Venue Details

1910 Star Starred
Aurora Theatre Company
2081 Addison Street Berkeley, CA 94704
Venue website Get directions
4.1 / 5 Rated by 49 members
Review from Susan Driscoll

David Cale is a remarkably talented man and brings all his characters to life with affection and skill. The story is quirky and the audience is required to pay attention but I think that shows respect for a thinking audience member. I laughed...continued

reviewed Nov 02 2010 report as inappropriate
Review from kchand

It was a great play. Performance was wonderful. Would recommend.

reviewed Oct 29 2010 report as inappropriate
Review from bk

If you enjoy an evening sitting with friends who tell an interesting story from many different points of view, you're going to love this. Cale is a very able performer, but an even more able writer and director. This story unfolds in delightful...continued

reviewed Oct 29 2010 report as inappropriate
View All 35 Reviews
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Quotes & Highlights

“Fascinating as he is to watch, and exquisite as his verbal imagery can be, it is Cale’s gifts as a storyteller that hold an audience rapt.” —_San Francisco Chronicle _
“Exquisitely moving…deeply satisfying.” —Variety
“GO!  The piece constantly evokes the knot of romance  and lust and commerce that are infinitely fascinating and impossible to  untangle.” —_LA Weekly _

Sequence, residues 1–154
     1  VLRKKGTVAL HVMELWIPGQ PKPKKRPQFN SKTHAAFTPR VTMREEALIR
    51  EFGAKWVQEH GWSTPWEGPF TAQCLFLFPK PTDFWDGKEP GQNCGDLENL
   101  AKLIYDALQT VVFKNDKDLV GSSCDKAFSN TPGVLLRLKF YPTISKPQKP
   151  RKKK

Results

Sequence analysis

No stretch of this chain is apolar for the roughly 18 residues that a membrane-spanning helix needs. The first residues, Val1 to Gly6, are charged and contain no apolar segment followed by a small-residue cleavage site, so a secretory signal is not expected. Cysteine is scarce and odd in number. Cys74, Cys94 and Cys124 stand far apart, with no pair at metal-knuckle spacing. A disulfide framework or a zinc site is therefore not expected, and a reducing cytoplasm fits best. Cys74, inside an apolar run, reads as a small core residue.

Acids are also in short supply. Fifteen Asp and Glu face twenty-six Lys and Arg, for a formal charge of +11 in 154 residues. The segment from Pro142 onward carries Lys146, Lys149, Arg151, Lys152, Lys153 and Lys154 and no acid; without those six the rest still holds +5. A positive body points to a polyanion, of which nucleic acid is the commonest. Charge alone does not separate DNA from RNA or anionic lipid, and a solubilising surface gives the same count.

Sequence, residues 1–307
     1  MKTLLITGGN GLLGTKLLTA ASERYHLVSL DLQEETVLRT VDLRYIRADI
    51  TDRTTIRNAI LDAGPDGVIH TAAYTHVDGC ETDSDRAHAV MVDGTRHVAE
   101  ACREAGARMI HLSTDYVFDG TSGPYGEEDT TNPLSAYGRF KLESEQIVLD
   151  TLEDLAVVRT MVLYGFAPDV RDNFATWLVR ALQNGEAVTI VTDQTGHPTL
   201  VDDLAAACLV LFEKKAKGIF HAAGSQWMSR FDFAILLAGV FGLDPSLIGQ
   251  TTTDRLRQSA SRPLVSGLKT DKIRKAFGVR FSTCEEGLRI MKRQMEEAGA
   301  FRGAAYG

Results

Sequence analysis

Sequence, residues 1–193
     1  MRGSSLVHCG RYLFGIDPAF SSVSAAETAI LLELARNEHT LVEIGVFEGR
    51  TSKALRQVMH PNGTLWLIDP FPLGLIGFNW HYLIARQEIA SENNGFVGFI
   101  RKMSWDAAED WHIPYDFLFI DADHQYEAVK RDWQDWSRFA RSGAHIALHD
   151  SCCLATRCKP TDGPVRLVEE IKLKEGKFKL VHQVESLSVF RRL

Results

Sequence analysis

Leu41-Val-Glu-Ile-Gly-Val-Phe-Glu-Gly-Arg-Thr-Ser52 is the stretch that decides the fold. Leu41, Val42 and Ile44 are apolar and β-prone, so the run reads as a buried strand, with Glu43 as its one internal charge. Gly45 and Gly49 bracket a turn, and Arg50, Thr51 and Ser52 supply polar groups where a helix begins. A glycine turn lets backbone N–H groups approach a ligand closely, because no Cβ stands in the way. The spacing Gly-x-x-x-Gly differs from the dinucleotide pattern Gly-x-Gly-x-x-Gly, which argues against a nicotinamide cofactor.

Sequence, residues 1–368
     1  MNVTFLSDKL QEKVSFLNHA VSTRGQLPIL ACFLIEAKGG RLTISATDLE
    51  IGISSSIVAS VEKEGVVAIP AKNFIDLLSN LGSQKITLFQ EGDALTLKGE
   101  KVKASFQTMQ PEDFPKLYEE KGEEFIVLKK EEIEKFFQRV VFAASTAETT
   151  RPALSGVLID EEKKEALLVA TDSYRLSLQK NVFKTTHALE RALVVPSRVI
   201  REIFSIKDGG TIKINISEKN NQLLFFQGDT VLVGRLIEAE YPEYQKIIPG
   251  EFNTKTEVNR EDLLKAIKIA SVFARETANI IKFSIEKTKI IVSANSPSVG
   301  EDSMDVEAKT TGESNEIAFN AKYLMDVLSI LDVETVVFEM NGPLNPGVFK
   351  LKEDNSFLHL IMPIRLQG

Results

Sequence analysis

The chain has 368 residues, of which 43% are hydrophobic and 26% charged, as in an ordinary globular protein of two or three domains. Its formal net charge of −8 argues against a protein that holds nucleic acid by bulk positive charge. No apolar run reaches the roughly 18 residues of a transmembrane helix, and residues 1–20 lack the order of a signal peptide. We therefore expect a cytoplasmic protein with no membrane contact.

Watch a "clip ": _Palomino. _


In Palomino, a beautifully-realized play written for one actor, Cale inhabits seven different characters of both genders to tell the story of Kieren McGrath, a handsome, literate, Central Park carriage driver who dreams of writing a great novel. When he is offered the opportunity to become an escort to a number of lonely, wealthy women, he believes he has finally found his subject. Or has he? As McGrath shares his sexual conquests and introduces the women he has met, seduced, and profited from, the theme of bartering for love takes on new meaning.

_Palomino _received its world premiere in 2009 at Kansas City Repertory Theatre after undergoing development at the Sundance Theatre Lab, where Cale was writer-in-residence.

David Cale is best known for his solo works Somebody Else’s House, Deep in a Dream of You, Smooch Music, The Redthroats, and the OBIE-winning Lillian. As an actor, he appeared opposite Ryan Gosling and David Morse in the film The Slaughter Rule, on Broadway in The Threepenny Opera, and most recently Off-Broadway in Mouth to Mouth, and he will appear with Bernadette Peters in the upcoming film Coming Up Roses.

As a writer, Cale’s monologues have been featured on Public Radio’s This American Life and NPR’s The Next Big Thing. He penned the book, lyrics, and co-composed music for the musical Floyd and Clea Under the Western Sky, which received an Outer Critics Circle Nomination for Outstanding New Off-Broadway Musical. Cale was also featured in the production as a performer. Additionally, Cale was one of the writers for Motherhood Out Loud_, which ran at Hartford Stage, and penned scripts for several dances, including the text (and narration) for Chickens_, which was choreographed by Charles Moulton and performed by Mikhael Baryshnikov’sWhite Oak Dance Project.

As a lyricist, Cale’s words have been performed by Elvis Costello, Deborah Harry, The Jazz Passengers, Richard Butler of The Psychedelic Furs, performance artist John Kelly, and jazz singer Jimmy Scott, among others. His songs have been featured on the soundtracks of several films, including Robert Altman’s Short Cuts.

<em>A Thousand Splendid Suns</em> <em>Hershey Felder as Irving Berlin</em> Yoshi's Oakland <em>Cirque du Soleil: LUZIA</em> Oakland Athletics vs. San Francisco Giants: Preseason Baseball Steve Martin and Martin Short